I recently told a friend about a really nice, new wooden boat I had just fished that was built by Mac Pettegrow in Maine. My friend asked, "Why in heaven's name would anyone want a wooden boat today when they could build one with fiberglass and advanced composites?" The answer is that wood, when combined with modern resins and strip-plank construction techniques, affords an extraordinarily strong, lightweight hull. Just ask Rybovich, which still builds all its boats using this technique.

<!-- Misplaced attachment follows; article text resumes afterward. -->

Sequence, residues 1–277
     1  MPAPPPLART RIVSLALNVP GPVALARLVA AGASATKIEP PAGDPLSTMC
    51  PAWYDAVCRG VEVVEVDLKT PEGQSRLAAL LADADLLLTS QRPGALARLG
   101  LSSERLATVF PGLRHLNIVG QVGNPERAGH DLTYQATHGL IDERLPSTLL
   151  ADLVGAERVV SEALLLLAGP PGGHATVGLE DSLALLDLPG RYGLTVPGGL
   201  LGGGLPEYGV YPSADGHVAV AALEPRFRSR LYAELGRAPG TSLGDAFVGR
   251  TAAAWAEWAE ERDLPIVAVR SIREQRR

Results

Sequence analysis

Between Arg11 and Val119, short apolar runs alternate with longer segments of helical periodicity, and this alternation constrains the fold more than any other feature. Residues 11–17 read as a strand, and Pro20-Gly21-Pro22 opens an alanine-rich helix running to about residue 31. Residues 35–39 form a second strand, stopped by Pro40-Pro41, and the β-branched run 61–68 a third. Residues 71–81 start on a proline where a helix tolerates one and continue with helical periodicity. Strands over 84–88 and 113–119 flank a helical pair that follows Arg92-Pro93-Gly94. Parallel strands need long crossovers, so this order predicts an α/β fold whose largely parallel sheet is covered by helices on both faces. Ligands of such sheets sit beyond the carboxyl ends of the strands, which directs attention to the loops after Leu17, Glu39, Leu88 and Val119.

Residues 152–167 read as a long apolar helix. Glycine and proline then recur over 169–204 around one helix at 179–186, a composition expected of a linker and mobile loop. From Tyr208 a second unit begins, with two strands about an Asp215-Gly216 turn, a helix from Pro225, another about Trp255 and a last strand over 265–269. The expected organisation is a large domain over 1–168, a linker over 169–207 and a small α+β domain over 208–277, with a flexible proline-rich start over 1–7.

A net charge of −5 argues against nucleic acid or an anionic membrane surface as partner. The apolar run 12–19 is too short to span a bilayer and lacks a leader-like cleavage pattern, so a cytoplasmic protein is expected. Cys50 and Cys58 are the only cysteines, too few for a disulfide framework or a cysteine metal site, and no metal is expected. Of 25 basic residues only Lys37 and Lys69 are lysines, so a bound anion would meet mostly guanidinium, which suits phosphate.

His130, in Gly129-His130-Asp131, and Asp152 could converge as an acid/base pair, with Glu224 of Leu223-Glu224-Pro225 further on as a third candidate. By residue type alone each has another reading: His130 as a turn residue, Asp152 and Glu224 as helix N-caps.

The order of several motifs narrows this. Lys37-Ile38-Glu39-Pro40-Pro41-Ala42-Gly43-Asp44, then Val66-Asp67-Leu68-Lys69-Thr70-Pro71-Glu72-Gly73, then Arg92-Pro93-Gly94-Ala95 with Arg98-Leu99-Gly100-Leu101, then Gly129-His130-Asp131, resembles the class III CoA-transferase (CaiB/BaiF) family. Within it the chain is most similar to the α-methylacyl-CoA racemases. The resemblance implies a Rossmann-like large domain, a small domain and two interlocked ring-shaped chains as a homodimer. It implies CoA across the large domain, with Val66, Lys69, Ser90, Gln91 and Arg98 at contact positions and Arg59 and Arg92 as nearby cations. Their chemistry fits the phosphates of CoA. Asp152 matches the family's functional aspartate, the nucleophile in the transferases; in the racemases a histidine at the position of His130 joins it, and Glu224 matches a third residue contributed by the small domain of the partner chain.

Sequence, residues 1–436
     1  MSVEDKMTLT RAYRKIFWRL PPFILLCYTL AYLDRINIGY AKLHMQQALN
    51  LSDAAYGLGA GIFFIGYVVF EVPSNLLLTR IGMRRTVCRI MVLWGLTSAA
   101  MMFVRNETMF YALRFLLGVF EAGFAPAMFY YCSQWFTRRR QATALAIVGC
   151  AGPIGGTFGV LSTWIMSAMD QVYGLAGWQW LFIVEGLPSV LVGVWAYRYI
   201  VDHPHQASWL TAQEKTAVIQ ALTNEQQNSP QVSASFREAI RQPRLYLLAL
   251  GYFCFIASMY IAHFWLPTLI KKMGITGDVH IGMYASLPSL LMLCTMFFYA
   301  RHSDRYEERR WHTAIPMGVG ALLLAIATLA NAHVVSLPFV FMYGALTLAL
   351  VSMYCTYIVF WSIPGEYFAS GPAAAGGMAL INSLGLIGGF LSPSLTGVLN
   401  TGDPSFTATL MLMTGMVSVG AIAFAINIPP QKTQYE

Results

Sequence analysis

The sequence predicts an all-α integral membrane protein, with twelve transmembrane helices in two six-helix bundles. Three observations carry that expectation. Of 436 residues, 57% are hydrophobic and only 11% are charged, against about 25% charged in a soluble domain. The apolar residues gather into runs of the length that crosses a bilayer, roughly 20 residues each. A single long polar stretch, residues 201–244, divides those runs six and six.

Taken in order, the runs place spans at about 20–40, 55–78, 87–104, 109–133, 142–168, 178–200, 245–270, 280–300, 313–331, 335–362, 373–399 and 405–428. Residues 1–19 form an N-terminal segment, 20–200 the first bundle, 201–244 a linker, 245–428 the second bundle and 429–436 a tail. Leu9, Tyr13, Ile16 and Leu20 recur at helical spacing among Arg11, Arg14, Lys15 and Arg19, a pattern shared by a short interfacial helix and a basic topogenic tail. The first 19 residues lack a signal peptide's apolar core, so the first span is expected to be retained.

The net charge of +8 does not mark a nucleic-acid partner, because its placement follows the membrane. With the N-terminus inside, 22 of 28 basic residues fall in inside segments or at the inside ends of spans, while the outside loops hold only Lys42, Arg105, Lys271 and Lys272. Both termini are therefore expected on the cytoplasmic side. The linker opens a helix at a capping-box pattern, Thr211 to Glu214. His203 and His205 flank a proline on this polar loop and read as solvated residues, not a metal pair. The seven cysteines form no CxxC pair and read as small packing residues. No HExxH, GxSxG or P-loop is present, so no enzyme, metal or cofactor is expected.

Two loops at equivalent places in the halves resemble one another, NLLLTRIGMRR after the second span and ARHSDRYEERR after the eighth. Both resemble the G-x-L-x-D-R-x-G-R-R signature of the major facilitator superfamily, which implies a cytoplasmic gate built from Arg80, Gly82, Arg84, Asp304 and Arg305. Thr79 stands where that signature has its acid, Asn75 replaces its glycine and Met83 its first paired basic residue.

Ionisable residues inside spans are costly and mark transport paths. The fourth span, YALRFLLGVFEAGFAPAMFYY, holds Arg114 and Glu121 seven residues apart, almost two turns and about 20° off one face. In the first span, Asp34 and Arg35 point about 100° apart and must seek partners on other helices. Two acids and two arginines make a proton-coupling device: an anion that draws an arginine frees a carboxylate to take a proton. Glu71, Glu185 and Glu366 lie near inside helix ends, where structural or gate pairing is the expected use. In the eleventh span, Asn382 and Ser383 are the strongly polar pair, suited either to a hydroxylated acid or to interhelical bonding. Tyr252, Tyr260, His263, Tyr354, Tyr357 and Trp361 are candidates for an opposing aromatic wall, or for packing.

Pettegrow's newest hull is a 68-foot enclosed-bridge convertible named Boomer. Its cold-molded hull consists of a white cedar base layer and African mahogany diagonal stripping. Dry weight ends up an impressive 90,000 pounds.
Boomer's lines blend futuristic with traditional better than most such combinations. You'll find plenty of radius turns as well as quite a bit of camber and tumble home in the transom, the latter of which makes backing down very smooth and fast.